Governor Wolf Announces Aid for Survivors of Flash Flooding in Washington and Clearfield Counties

first_img SHARE Email Facebook Twitter August 24, 2017 Governor Wolf Announces Aid for Survivors of Flash Flooding in Washington and Clearfield Countiescenter_img Press Release Harrisburg, PA – Governor Tom Wolf today announced that the U.S. Small Business Administration (SBA) approved his request to declare disasters in Washington and Clearfield counties after two separate flash flooding events earlier this summer.“Flash flooding causes incredible devastation in such a short amount of time,” said Governor Wolf. “The availability of low-interest loans will make it possible for residents and businesses to get back to normal more quickly, and we are grateful that the SBA is making this assistance available.”Homeowners, renters and businesses impacted by the July 14 flooding in Clearfield County, as well as neighboring counties Blair, Cambria, Cameron, Centre, Clinton, Elk, Indiana, and Jefferson may be eligible for low-interest disaster loans through the SBA Disaster Loan Programs.Homeowners, renters and businesses impacted by the July 29 flooding in Washington County, as well as neighboring counties Allegheny, Beaver, Fayette, Greene and Westmoreland may be eligible for low-interest disaster loans through the SBA Disaster Loan Programs.Low-interest loans of up to $200,000 are available to homeowners to repair or replace damaged or destroyed real estate. SBA regulations permit loans up to $40,000 to repair or replace personal property. Businesses and nonprofits can borrow up to $2 million to restore damaged or destroyed buildings, inventory, equipment and assets. Loan amounts and terms are set by the SBA and are based on each applicant’s financial qualifications.The SBA will establish Disaster Loan Outreach Centers (DLOCs) to assist anyone who wishes to apply for a loan. Applicants may visit any DLOC location that is convenient to them. The DLOCs will be open at the following location and times:Clearfield County:Glendale Area Public Library961 Forest St.Coalport, PA 16627Open:              Friday, Aug. 25 from 12 p.m. – 6 p.m.Closed:            Saturday, Aug. 26Open:              Sunday, Aug. 27 from 1 p.m. to 5 p.m.Open:              Monday, Aug. 28 – Wednesday, Aug. 30 from 10 a.m. to 5 p.m.Last Day:        Thursday, Aug. 31 from 10 a.m. to 4 p.m.Washington County:Salvation Army – Washington County60 E. Maiden St.Washington, PA 15301Open:              Friday, Aug. 25 from 12 p.m. – 4 p.m.Open:              Saturday, Aug. 26 from 10 a.m. to 2 p.m.Closed:            Sunday, Aug. 27Open:              Monday, Aug. 28 – Wednesday, Aug. 30 from 10 a.m. to 4 p.m.Last Day:        Thursday, Aug. 31 from 10 a.m. to 3 p.m.SBA customer service representatives will be on hand at the disaster loan outreach center to issue loan applications, answer questions about the disaster loan program, explain the application process and help individuals to complete their applications.Individuals and businesses unable to visit the center in person may obtain information and loan applications by calling the SBA’s Customer Service Center at 1-800-659-2955 (1-800-877-8339 for the hearing impaired), or by e-mailing disastercustomerservice@sba.gov.Loan applications can also be downloaded at www.sba.gov/disaster. Applicants may apply online using the Electronic Loan Application (ELA) via the SBA’s secure website at https://disasterloan.sba.gov/ela. Completed applications should be returned to the DLOC or mailed to: U.S. Small Business Administration, Processing and Disbursement Center, 14925 Kingsport Road, Fort Worth, TX 76155.For both flooding incidents, the filing deadline to return applications for physical property damage is Oct. 23, 2017.  The deadline to return economic injury disaster loan applications is May 23, 2018.last_img read more

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Palm Beach Co. Teachers Protest Funding Measure

first_imgHundreds of educators from across Palm Beach County gathered with signs in front of the Supervisor of Elections Office in West Palm Beach on Tuesday afternoon to protest a measure proposed by the Florida House that would divert voter approved funds away from public schools to charter schools.The teachers and their supporters maintain that House Bill 7123 subverts the will of county voters who, by a 72% margin, approved a property tax hike to provide more funding to Palm Beach schools for teacher raises, school security, and improved mental health programs.The wording of the referendum that appeared on the November ballot specifically indicated the funds from the tax hike would be solely for “non-charter District schools.”Under the proposed legislation 10% of the expected yearly revenue from the tax increase, some $200 million, would be diverted to the 49 charter schools around the county.The bill must pass the state senate before going to Gov. DeSantis for his signature.last_img read more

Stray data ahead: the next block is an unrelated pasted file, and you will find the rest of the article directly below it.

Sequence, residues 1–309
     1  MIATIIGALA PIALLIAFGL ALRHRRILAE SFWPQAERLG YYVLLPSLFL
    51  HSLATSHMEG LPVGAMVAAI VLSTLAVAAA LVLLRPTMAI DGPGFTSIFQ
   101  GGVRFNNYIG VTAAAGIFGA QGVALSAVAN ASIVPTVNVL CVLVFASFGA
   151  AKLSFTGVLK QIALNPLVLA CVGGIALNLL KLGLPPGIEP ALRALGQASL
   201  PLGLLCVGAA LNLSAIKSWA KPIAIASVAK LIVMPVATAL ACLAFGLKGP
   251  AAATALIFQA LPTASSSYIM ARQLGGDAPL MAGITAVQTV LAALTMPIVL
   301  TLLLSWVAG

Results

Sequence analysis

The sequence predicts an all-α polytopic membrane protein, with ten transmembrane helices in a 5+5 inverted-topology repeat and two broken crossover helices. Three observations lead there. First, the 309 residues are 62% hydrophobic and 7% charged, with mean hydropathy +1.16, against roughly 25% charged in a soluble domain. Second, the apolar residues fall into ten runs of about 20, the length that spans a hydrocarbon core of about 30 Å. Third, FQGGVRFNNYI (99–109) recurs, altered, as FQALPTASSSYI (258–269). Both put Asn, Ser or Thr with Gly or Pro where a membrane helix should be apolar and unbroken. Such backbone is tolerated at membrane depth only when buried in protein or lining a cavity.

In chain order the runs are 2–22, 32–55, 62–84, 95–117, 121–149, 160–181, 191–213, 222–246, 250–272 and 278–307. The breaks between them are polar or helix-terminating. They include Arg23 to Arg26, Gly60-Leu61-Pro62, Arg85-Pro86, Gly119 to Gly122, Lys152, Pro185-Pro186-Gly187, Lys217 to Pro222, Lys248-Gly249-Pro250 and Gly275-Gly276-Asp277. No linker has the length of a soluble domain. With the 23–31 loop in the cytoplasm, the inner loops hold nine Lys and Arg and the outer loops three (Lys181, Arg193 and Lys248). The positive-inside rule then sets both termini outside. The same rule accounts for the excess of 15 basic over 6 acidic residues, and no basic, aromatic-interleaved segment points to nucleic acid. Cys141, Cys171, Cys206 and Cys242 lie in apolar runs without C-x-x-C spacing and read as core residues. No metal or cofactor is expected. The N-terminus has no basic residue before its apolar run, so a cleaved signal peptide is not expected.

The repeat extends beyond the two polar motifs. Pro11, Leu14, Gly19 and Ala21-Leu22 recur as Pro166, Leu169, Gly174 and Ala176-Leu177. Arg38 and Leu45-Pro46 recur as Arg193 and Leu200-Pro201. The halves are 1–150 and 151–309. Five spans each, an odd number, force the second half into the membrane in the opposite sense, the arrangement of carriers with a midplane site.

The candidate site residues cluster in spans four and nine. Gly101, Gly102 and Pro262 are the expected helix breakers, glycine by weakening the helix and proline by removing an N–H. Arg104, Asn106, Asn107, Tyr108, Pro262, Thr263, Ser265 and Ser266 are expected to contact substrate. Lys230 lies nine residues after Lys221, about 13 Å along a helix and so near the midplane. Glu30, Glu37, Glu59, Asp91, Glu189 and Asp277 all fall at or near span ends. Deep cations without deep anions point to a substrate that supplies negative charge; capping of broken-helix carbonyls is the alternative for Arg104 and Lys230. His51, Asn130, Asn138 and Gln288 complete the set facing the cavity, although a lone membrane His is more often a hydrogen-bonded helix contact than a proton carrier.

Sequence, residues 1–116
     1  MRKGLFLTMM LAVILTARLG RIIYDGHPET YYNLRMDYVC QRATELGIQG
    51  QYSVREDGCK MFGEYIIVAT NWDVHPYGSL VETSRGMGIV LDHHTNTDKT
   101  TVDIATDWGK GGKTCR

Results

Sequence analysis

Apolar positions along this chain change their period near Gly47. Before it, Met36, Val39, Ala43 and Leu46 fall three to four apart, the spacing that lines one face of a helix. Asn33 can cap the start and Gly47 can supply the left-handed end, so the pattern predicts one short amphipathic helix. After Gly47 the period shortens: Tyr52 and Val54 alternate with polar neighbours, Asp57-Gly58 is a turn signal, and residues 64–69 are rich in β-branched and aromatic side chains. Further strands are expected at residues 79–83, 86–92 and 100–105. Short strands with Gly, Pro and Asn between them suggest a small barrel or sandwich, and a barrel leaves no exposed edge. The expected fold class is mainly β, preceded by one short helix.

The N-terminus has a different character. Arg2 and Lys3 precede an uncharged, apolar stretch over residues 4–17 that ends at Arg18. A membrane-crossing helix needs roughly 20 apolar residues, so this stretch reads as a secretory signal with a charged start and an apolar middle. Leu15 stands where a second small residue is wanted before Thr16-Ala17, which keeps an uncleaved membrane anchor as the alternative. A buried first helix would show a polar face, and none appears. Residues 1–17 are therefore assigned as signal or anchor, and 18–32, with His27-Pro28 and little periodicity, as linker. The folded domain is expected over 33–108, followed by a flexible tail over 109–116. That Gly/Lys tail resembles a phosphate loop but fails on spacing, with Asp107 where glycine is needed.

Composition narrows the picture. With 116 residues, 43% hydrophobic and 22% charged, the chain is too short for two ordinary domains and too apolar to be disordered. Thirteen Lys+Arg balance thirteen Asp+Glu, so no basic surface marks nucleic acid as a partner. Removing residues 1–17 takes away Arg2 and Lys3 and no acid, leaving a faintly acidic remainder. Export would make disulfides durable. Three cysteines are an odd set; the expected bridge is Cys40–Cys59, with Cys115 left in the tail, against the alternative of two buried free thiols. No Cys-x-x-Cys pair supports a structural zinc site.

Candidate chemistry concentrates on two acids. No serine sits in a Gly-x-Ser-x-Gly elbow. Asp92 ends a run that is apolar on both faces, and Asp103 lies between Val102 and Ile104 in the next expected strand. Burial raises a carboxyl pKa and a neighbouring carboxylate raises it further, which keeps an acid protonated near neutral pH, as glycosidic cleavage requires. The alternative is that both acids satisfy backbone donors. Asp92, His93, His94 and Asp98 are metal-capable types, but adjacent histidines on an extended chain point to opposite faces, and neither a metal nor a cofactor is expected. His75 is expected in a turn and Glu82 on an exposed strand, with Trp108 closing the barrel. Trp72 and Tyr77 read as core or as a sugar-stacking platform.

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Syracuse men’s basketball is never out of a game because of its full-court press

first_img Published on March 2, 2017 at 10:51 pm Contact Paul: pmschwed@syr.edu | @pschweds Jim Boeheim isn’t afraid to let everyone in an arena know when his team is desperate, when he has no other choice but to change his defense.Then, he turns to the press.It propelled the Orange to the Final Four last year, overcoming a 14-point deficit with 10 minutes left in the Elite Eight. And it’s what has led to three comeback wins in the past month.“At that stage, you’re desperate. You’re just trying to fly around and make a play,” said Syracuse’s head coach. “It’s been at the end of games. … You’re down 10, it’s a desperation situation and you just try to make the play and make something happen. … There’s no other chance but to force a turnover.”The Orange (17-13, 9-8 Atlantic Coast) has trailed by double digits in eight straight games. Outside of a 20-point loss at then-No. 7 Louisville, the contests were decided by an average of 4.3 points and SU went 4-4 in the eight-game stretch. Even in the three games Syracuse lost, the press made it close.AdvertisementThis is placeholder textIn many ways, the full-court press salvaged the Orange’s entire season. Boeheim applies the tactic sparingly and knows a good team can figure out a way to beat it easily once it adjusts. But in short segments, SU has relied on the press to climb back into games in which it previously had no chance.“It catches (opponents) by surprise. They don’t expect it,” freshman forward Taurean Thompson said. “We don’t use it all game and then all of a sudden they take a breath. They’re not ready for it. I don’t think they prepare for it as much in practice.”At the start of the season, Boeheim said his team would likely press more because of the depth he had at his disposal. SU used it in nonconference play to test out what he had. Early on, his players didn’t execute the scheme to his standard.After a season-opening 28-point win over Colgate on Nov. 11, Boeheim said the press was horrendous.“I guess they can’t do it,” Boeheim said when asked why it was ineffective. “Why did Donald Trump become president? I don’t know.”A week and a half later, Boeheim explained Syracuse would need the press at some point later in the year. That’s why he was experimenting in games such as a 42-point win over South Carolina State. Even as late as 14 games into the year, Boeheim cited it as an area for concern. After a 15-point loss at Boston College, he described the press as something “we can’t do.”Two months later, the press is a key reason SU is still in the mix for an NCAA Tournament bid. Instead of playing the nine or 10 players like Boeheim expected, Syracuse uses only six or seven each game as a result of injuries. The starting lineup now consists of four first-year players and a sophomore. Once they meshed together, the press improved, too.Sophomore forward Tyler Lydon attributes the press’ success to the urgency with which he and his teammates play it. Tactically, not much changed from the full-court approach, graduate transfer Andrew White said. Except recently, Syracuse’s press is causing turnovers unlike in the beginning of the year.“I’m amazed at how effective it is and how infrequently they use it,” Pittsburgh head coach Kevin Stallings said. “I wish I could do that is what I’m trying to say.”With SU down 10 against North Carolina State late in the second half, Boeheim flipped to the press from his traditional 2-3 zone. The Orange forced four turnovers down the stretch, pushing the game into overtime and eventually winning.A week later, SU pressed with the same amount of time remaining against Clemson. The Tigers committed three late turnovers and Syracuse won at the buzzer.“They take away the primary pass, they get you in the corner, they take away the second pass to the guy taking it out, they take away the middle pass,” Louisville head coach Rick Pitino said. “You’ve got to attack it quickly or you’re going to be in trouble. It’s an outstanding press.”Georgia Tech head coach Josh Pastner said opponents can’t simulate it in practice. The Orange ranks as the 12th tallest team in the country, per Kenpom.com. As opponents try to play cautiously to protect leads, SU pounces when it should be squirming.Considering Syracuse’s short rotation, playing defense for 94 feet isn’t an option for more than a few minutes at a time. Lydon and White both have played every second in the Orange’s last 10 games. They can only go so far until fatigue sets in.But the infrequency with which Boeheim uses the press is part of what makes it so effective. In short spurts, it accomplishes what it needs to.SU’s hopes of reaching the NCAA Tournament are dangling. But with only one regular-season game left and the ACC tournament remaining, the press is why Syracuse is never out of a game.“We work on it all the time. Every year,” Boeheim said before the season. “We work on our press every year a lot. Almost every practice. And some years we just don’t use it much at all and other years it’s been very important for us.”This year it has been the latter. Comments Facebook Twitter Google+last_img read more